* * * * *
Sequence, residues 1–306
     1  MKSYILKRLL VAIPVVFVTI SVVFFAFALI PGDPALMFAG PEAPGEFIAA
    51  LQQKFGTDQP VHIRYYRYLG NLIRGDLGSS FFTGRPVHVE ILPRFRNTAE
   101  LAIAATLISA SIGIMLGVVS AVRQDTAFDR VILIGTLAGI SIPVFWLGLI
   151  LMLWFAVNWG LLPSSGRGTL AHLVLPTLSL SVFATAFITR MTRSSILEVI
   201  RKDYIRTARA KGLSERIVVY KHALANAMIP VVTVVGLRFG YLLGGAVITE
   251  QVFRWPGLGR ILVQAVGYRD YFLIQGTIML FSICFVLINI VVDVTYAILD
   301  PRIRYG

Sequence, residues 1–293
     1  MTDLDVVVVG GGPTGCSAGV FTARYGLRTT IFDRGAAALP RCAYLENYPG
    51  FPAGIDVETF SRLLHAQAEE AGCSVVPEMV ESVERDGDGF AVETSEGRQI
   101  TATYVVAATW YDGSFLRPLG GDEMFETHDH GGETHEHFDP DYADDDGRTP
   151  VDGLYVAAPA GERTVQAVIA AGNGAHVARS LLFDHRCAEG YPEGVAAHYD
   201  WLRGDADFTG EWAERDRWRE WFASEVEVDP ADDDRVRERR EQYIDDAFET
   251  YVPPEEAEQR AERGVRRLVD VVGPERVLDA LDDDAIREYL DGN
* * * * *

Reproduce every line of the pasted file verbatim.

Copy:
Sequence, residues 1–306
     1  MKSYILKRLL VAIPVVFVTI SVVFFAFALI PGDPALMFAG PEAPGEFIAA
    51  LQQKFGTDQP VHIRYYRYLG NLIRGDLGSS FFTGRPVHVE ILPRFRNTAE
   101  LAIAATLISA SIGIMLGVVS AVRQDTAFDR VILIGTLAGI SIPVFWLGLI
   151  LMLWFAVNWG LLPSSGRGTL AHLVLPTLSL SVFATAFITR MTRSSILEVI
   201  RKDYIRTARA KGLSERIVVY KHALANAMIP VVTVVGLRFG YLLGGAVITE
   251  QVFRWPGLGR ILVQAVGYRD YFLIQGTIML FSICFVLINI VVDVTYAILD
   301  PRIRYG

Sequence, residues 1–293
     1  MTDLDVVVVG GGPTGCSAGV FTARYGLRTT IFDRGAAALP RCAYLENYPG
    51  FPAGIDVETF SRLLHAQAEE AGCSVVPEMV ESVERDGDGF AVETSEGRQI
   101  TATYVVAATW YDGSFLRPLG GDEMFETHDH GGETHEHFDP DYADDDGRTP
   151  VDGLYVAAPA GERTVQAVIA AGNGAHVARS LLFDHRCAEG YPEGVAAHYD
   201  WLRGDADFTG EWAERDRWRE WFASEVEVDP ADDDRVRERR EQYIDDAFET
   251  YVPPEEAEQR AERGVRRLVD VVGPERVLDA LDDDAIREYL DGN